Guest view: State senate bill endangers dialysis patients July 30, 2017 Jagjit Singh, MD
I have been a nephrologist (kidney doctor) for more than 25 years. I’m responsible for the care of 125 patients in San Joaquin County who have End-Stage Renal Disease (ESRD), or kidney failure. Patients with kidney failure need dialysis, which means they need to be hooked up to a machine three days a week, for three or four hours at a time so the machine can clean toxins from their blood and fluid from their bodies. Without dialysis, they have no chance for survival.
Senate Bill 349, a bill moving through the California Legislature, will endanger my patients’ access to dialysis. The bill mandates one-size-fits-all staffing ratios, meaning that dialysis centers will be forced by this bill to hire more staff to treat the same number of patients. Centers that can’t afford to hire more staff will be forced to cut back on the number of patients they can treat. It could put some centers out of business altogether. This bill is unnecessary, costly and will be dangerous for patients because it will reduce access to life-saving dialysis.
There’s no factual data to demonstrate that mandated ratios are needed in California or that more staff equates to better care. The factual data we do have, data from the federal Centers for Medicare & Medicaid Services, which regulates dialysis centers nationwide, shows that California outperforms the rest of the nation and ratio states in both quality of patient care and in patient satisfaction.
The same data from CMS shows that California’s standardized infection rate is lower than that of all states with staffing mandates, except for Oregon’s with which it is tied.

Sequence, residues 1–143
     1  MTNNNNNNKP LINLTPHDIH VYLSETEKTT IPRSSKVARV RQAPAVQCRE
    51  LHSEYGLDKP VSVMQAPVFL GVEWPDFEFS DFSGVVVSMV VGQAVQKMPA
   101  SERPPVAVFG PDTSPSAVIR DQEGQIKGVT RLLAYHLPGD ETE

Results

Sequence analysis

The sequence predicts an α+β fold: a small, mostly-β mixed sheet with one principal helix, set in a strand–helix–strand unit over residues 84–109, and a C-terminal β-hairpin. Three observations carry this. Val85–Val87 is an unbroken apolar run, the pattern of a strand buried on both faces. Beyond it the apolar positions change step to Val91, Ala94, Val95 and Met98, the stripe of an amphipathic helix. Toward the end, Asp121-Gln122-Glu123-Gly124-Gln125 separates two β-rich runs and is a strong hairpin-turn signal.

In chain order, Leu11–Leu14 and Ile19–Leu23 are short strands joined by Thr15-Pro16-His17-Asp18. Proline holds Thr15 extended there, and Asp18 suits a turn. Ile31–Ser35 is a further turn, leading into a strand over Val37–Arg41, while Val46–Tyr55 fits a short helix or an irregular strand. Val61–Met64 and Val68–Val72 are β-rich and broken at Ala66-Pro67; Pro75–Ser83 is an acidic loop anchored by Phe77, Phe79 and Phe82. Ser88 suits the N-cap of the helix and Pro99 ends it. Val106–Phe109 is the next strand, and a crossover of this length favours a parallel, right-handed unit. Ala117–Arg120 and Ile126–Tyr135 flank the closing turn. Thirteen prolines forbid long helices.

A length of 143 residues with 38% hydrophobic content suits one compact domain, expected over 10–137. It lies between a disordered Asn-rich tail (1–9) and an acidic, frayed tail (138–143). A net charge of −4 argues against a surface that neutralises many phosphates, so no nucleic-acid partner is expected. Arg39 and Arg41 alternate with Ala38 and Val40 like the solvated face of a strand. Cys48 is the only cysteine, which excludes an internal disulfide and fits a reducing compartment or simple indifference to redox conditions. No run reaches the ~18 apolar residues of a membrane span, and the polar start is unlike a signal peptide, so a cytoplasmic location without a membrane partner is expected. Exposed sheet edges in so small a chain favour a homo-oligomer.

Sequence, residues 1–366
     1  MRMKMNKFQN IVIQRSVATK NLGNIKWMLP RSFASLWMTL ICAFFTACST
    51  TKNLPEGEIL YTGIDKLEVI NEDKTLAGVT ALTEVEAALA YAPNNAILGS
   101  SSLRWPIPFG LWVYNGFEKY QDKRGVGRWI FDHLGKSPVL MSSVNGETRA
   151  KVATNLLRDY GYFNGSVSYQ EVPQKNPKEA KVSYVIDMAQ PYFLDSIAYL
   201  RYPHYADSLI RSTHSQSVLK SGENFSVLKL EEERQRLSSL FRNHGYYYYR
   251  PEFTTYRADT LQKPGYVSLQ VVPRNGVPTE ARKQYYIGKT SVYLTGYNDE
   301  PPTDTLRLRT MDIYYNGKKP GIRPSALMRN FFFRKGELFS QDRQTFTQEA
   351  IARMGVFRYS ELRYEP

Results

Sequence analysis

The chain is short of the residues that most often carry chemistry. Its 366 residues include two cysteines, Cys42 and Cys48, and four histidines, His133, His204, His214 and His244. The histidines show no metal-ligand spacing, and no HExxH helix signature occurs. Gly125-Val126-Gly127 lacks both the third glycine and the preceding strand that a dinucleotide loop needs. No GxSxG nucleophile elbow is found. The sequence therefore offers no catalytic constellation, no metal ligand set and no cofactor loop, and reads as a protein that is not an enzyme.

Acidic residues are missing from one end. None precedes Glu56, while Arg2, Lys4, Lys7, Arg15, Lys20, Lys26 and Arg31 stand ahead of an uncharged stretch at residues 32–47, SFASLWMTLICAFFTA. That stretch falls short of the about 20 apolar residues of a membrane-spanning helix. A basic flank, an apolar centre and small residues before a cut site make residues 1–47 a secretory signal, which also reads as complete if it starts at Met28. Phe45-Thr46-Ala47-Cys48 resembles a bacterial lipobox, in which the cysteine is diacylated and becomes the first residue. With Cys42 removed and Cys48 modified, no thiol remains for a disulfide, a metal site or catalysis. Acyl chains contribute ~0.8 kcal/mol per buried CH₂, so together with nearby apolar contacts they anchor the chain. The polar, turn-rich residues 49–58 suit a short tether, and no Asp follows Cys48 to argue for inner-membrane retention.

The fallout for patients will be severe if SB 349 becomes law. Patients in underserved communities, where dialysis centers already struggle to keep their doors open, would be hit hardest because they’d be the first to cut back or close. That includes centers in San Joaquin County. Centers in underserved communities have high numbers of patients on Medi-Cal and Medicare, programs that don’t cover the cost of treatment.
Patients unable to get appointments in centers would end up dialyzing in hospital Emergency Departments at significant cost to the state. Or, they might have to travel farther to be seen at a different dialysis center. Or they might skip appointments. Just one missed dialysis appointment increases patient mortality by 30 percent.
Demand for dialysis is increasing in California. Anything that restricts access is movement in the wrong direction. For not-for-profit dialysis centers like Satellite Healthcare where many of my patients receive their dialysis, any additional revenue left over after paying out expenses is used to benefit patients. Revenue is used to improve access to dialysis by building new centers or enhancing existing centers.
SB 349 is opposed by many health care providers, including the Renal Physicians Association, National Medical Association, National Hispanic Medical Association, American Nurses Association of California, California Association of Rural Health Clinics, California Hospital Association, Lupus Foundation of Southern California, California Dialysis Council and many others.
These groups all strongly support efforts to improve patient care. But SB349 is dangerous and will hurt patients by cutting their access to dialysis, which they need to stay alive. I can’t support anything that puts my patients’ lives in jeopardy.
Dr. Jagjit Singh is a board certified nephrologist in Stockton.